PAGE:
Fire has long been recognised as a major threat to biodiversity values, particularly impacts from large, intense bushfires. The Pilbara Corridors Project is working in partnership with the Department of Parks and Wildlife (DPaW) that has a management responsibility for fire on DPaW estate and a mitigation responsibility for fire on Unallocated Crown Land (UCL).
The fire management project will undertake coordinated fire planning and management in the Fortescue catchment with the following key activities:
- Research current fire practices and history through workshops between DPaW, the Department of Fire and Emergency Services (DFES), Aboriginal groups and pastoralists.
- Facilitate participation, planning and coordination of operations.
- Support joint implementation of cross tenure programs through aerial and on-ground burning.
- Trial an agreed methodology for remotely assessing (via satellite imagery) and ground-truthing burn success.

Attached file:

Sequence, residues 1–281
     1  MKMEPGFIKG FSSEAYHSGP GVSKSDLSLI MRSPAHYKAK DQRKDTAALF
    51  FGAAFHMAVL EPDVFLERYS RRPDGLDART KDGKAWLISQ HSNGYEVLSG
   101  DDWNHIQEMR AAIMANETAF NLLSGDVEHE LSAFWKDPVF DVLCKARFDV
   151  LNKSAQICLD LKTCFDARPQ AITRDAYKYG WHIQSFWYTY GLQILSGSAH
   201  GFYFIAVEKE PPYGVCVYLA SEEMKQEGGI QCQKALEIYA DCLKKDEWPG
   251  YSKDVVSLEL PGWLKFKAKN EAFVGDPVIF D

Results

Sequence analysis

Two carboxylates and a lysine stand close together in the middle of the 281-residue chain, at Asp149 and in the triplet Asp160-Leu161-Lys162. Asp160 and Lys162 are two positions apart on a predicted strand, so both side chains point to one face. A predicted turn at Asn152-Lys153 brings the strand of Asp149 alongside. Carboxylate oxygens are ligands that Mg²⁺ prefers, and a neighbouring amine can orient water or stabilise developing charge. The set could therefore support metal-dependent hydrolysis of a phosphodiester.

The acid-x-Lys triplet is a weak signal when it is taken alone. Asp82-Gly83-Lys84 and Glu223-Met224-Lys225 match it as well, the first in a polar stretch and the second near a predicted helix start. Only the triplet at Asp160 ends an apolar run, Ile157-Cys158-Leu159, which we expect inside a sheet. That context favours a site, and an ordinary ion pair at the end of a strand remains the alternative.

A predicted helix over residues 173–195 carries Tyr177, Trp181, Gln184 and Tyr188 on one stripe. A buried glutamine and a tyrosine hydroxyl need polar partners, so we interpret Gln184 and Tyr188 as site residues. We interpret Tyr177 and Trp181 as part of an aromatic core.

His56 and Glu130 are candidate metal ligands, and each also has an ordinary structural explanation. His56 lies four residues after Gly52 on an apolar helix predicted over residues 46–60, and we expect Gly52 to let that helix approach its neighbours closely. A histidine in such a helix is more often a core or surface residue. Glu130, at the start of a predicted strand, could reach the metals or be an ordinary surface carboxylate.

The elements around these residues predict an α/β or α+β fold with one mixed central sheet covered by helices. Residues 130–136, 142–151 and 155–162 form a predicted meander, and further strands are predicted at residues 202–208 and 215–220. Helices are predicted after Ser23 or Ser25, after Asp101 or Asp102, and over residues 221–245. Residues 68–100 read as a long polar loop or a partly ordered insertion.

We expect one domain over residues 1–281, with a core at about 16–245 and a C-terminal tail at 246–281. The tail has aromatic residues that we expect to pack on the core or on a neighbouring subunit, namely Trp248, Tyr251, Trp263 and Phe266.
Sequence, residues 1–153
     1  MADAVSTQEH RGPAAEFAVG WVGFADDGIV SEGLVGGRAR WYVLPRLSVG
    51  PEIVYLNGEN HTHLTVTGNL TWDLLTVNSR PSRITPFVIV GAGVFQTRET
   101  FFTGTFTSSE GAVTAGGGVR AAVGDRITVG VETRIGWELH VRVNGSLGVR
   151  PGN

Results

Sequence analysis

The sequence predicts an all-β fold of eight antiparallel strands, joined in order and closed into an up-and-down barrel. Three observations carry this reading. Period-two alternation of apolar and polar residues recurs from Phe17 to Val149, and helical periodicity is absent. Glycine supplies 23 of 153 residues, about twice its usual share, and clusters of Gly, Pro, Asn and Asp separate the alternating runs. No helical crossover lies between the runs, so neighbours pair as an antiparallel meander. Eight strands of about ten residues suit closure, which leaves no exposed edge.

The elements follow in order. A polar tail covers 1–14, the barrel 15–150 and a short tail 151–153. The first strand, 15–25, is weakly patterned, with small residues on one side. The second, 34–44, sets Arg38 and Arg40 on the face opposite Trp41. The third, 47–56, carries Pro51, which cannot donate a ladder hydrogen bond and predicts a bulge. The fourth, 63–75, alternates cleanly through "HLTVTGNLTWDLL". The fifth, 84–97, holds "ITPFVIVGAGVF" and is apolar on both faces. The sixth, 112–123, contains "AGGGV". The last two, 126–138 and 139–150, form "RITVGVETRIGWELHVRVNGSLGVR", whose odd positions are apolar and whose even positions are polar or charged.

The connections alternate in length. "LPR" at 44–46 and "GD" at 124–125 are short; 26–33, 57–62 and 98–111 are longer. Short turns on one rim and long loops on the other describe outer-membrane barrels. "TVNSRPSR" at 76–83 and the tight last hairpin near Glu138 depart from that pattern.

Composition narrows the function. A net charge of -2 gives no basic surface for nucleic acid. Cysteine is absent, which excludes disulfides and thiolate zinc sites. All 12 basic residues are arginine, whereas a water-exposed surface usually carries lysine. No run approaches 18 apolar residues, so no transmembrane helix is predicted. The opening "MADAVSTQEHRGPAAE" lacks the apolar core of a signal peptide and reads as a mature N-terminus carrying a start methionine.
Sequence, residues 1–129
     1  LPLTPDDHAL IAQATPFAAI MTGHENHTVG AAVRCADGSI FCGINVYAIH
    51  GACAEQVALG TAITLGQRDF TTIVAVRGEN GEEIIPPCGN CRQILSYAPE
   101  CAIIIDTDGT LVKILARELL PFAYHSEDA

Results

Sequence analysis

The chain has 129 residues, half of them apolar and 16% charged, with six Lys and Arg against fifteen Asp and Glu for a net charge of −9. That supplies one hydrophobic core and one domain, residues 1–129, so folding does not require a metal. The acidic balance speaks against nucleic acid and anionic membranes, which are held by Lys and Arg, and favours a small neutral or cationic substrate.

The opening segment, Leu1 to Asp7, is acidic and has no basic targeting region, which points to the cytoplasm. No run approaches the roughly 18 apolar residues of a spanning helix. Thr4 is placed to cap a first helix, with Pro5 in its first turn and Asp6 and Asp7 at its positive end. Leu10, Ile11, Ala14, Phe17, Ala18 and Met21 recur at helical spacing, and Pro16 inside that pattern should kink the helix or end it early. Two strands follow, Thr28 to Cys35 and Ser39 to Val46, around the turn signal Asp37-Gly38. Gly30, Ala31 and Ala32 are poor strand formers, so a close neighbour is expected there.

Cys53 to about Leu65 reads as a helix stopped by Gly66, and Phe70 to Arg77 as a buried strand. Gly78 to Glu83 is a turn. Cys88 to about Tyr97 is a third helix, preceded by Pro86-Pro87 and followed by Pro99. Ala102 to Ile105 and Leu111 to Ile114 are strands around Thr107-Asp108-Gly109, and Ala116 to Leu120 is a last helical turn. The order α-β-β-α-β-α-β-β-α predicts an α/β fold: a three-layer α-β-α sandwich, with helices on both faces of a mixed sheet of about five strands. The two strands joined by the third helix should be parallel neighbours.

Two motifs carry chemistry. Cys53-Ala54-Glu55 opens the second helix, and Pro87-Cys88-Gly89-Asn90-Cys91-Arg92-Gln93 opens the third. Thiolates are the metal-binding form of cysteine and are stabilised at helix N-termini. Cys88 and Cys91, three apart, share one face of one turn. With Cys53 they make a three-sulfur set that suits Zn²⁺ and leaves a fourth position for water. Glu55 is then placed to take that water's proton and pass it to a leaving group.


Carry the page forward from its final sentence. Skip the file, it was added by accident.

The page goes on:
- Establish monitoring methods and sites in representative landscapes for evaluation.
The project will also provide a working coordinated fire management plan for a significant part of the Fortescue catchment.
Karijini and Millstream-Chichester National parks both have approved Management Plans in place and DPaW is currently implementing a “Fire Strategy Paper” for each park and area of UCL. The initial goal is for each site to get a set of agreed values, assets and their respective risk. This may include fuel types (spinifex, crab hole grasses, mulga with bare earth, etc) and fuel loads (time since last fire). Potential methodologies and restrictions are then developed to allow for some ‘mid-term’ planning of fire management. There may be opportunities to adopt a similar methodology as a component of the ESRM plans on each pastoral station.